Two longtime faculty members from the UCLA Cotsen Institute of Archaeology are retiring this month.
Professors Elizabeth Carter and Robert Englund will be retiring after multiple decades of teaching at UCLA. Carter has taught at UCLA for 40 years, and Englund has taught for 22 years.
Kara Cooney, the chair of the Department of Near Eastern Languages and Cultures, said their academic passion for the ancient world had an immense impact on the department.
“Both of them are very detail-oriented, both in scholarship and in their lives. I understand their motivations completely,” she said. “I don’t judge why anyone would go back in time 5,000 years to figure out why things work the way they do and are the way they are. The parallels between then and now are extraordinary.”
Englund, an Assyriologist who specializes in the ancient Near Eastern world, spent a large portion of his life in Germany before returning to the U.S. to teach at UCLA in 1996. He said he received more support from the school than he was used to during this transition.
“The support given to faculty in the U.S. to help them to establish projects was a striking difference from Germany,” he said. “I was able to take advantage of that immediately to get my project, the Cuneiform Digital Library Initiative, funded.”
CDLI was Englund’s main enterprise during his 22 years at UCLA. The site is a digital archive of tablets written in cuneiform, an ancient Mesopotamian writing system. Englund and his graduate students built the archive with financial and scholarly support from the university.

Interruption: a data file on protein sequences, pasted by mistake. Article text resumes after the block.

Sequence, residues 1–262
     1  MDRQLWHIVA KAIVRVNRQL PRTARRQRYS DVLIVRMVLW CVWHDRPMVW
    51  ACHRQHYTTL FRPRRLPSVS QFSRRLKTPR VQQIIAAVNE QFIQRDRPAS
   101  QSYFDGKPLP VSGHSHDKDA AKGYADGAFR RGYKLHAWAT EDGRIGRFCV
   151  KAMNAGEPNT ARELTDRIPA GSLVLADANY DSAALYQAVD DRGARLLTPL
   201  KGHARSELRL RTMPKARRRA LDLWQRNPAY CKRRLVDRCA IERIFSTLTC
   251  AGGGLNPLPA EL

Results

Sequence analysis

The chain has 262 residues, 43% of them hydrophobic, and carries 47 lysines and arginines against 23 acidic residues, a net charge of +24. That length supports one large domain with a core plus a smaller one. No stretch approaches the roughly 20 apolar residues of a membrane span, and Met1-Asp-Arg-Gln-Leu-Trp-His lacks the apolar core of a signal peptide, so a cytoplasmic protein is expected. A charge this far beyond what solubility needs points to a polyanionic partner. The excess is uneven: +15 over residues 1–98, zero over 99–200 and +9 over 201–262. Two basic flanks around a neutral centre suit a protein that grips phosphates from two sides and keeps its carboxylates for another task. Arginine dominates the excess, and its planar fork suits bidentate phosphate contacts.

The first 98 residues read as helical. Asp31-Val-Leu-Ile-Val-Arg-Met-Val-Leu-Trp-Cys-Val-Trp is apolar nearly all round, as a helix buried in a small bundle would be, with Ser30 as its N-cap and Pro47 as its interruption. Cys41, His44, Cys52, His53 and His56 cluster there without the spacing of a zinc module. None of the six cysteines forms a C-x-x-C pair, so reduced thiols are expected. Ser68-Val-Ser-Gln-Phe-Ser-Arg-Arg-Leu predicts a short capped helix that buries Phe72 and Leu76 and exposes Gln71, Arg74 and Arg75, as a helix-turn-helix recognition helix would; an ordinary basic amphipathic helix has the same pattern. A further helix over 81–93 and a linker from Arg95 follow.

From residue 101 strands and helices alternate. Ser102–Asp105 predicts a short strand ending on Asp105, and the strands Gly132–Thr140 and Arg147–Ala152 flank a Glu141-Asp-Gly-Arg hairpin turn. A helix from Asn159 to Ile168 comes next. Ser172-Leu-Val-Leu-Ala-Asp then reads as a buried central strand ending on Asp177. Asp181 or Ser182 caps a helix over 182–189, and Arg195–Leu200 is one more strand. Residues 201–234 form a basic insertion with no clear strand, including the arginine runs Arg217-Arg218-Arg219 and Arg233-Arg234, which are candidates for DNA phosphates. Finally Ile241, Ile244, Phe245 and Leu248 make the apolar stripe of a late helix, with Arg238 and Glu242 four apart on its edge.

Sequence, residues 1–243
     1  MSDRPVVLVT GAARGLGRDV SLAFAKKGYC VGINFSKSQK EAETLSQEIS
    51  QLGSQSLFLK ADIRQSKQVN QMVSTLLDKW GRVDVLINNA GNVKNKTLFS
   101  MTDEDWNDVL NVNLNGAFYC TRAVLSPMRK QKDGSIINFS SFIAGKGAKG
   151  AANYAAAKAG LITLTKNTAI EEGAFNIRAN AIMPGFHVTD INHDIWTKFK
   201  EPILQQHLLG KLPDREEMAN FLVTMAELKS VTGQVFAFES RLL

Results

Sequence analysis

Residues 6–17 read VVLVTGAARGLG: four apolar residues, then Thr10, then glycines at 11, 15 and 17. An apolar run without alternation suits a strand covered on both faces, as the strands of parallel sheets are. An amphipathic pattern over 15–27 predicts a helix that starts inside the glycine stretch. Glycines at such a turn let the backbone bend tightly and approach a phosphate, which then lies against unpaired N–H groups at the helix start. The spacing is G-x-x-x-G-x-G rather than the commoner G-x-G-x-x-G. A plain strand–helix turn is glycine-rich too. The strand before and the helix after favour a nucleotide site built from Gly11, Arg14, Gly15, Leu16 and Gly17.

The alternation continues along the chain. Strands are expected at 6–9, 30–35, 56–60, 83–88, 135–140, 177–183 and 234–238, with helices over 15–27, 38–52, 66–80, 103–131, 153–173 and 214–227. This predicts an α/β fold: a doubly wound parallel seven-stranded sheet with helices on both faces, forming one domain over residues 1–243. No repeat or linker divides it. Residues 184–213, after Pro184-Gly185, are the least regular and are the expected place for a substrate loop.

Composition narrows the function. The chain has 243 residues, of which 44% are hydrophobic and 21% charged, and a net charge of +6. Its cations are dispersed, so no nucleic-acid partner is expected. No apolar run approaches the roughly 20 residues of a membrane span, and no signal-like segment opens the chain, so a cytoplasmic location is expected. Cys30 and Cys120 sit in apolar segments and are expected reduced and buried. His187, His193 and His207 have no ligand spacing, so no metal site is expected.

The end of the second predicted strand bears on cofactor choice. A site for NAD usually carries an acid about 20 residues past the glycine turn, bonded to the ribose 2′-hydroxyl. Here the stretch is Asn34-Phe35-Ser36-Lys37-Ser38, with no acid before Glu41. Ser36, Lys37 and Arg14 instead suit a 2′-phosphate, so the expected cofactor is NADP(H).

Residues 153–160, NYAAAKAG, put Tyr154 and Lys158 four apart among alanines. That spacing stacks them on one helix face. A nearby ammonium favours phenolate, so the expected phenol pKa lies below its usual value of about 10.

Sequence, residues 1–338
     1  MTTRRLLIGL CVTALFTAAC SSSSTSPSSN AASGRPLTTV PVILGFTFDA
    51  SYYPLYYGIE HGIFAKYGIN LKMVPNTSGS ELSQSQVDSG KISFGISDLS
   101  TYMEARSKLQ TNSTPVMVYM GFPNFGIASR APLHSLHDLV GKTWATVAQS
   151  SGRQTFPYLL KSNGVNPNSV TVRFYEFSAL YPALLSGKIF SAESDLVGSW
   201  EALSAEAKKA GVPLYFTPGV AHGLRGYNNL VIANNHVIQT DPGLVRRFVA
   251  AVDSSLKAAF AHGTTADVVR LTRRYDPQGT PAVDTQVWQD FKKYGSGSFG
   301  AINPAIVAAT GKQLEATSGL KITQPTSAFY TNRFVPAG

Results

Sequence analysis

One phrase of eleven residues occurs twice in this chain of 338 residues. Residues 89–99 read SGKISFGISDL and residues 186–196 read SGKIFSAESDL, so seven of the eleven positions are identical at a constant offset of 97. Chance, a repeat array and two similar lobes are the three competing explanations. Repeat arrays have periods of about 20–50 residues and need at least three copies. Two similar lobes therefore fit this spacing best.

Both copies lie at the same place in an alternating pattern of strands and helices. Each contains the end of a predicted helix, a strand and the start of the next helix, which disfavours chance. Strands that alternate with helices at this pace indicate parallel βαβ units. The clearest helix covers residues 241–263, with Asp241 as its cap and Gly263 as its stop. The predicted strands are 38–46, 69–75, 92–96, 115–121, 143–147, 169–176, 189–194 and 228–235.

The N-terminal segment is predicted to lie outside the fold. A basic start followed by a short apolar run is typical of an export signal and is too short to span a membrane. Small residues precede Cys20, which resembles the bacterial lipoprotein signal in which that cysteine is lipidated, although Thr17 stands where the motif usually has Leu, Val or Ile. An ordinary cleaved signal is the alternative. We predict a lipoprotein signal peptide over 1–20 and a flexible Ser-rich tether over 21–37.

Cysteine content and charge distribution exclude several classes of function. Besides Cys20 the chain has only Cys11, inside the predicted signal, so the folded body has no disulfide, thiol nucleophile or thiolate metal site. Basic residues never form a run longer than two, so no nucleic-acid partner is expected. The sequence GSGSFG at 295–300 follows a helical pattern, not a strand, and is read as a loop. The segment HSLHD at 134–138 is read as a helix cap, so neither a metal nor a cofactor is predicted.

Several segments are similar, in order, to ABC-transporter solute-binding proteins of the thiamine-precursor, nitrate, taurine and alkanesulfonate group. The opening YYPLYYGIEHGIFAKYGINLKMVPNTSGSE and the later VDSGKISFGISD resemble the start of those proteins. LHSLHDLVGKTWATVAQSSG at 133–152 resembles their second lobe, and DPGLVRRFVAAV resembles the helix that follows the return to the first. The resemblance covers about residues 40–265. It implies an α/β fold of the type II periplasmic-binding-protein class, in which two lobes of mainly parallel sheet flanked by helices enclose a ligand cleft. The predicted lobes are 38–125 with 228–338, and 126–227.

Englund said he is excited to use the archives for the more niche research he is especially passionate about after he retires.
“I’m looking forward, without any constraints, to be able to use the data for things that of are particular interest to me,” he said. “I wrote my dissertation on fisheries, so I’m going to work more on that, look more at those texts and hopefully finish a manuscript.”
Cooney said Englund and Carter are both important figures in the field and determined individuals.
“(Englund) is a bulldog. Once he gets his teeth in a project he will stop at nothing to make it into the largest and most accessible project he can – he has been truly pathbreaking,” she said. “(Carter) is a trailblazer. In a field defined by the work of men, she has had to constantly break the glass ceiling.”
Evan Carlson, a former advisee of Carter’s who finished his dissertation at UCLA in 2015, said he admires her long-standing career.
“She started working in Iran in the 1960s, where at the time the French had a monopoly over (archaeological sites in) the land for over a hundred years,” Carlson said. “Somehow, she was able to get onto that dig and run a part of it. No one knew how she was really able to do that.”
Carlson said that even though he graduated last year, Carter is still keeping in touch with him to see how his work is progressing.
“She was always very supportive of her students,” he said. “Professor Carter was just a really kind woman and someone I could always talk to.”
Carter said some of her most enjoyable experiences have been the relationships she has had with her students, such as those she made when she attended the Young Archaeologists’ Conference with in 2015.
She said she will work on some personal writing projects after she retires.
Englund and his wife are moving back to the Pacific Northwest, where they have purchased a home in Puget Sound, Washington, and built a chicken coop.
Cooney said the department will be losing two important members of the community.
“(Carter) was a bridge builder, not a wall builder,” she said. “And as for (Englund), we needed to replace him yesterday. His work is hugely important.”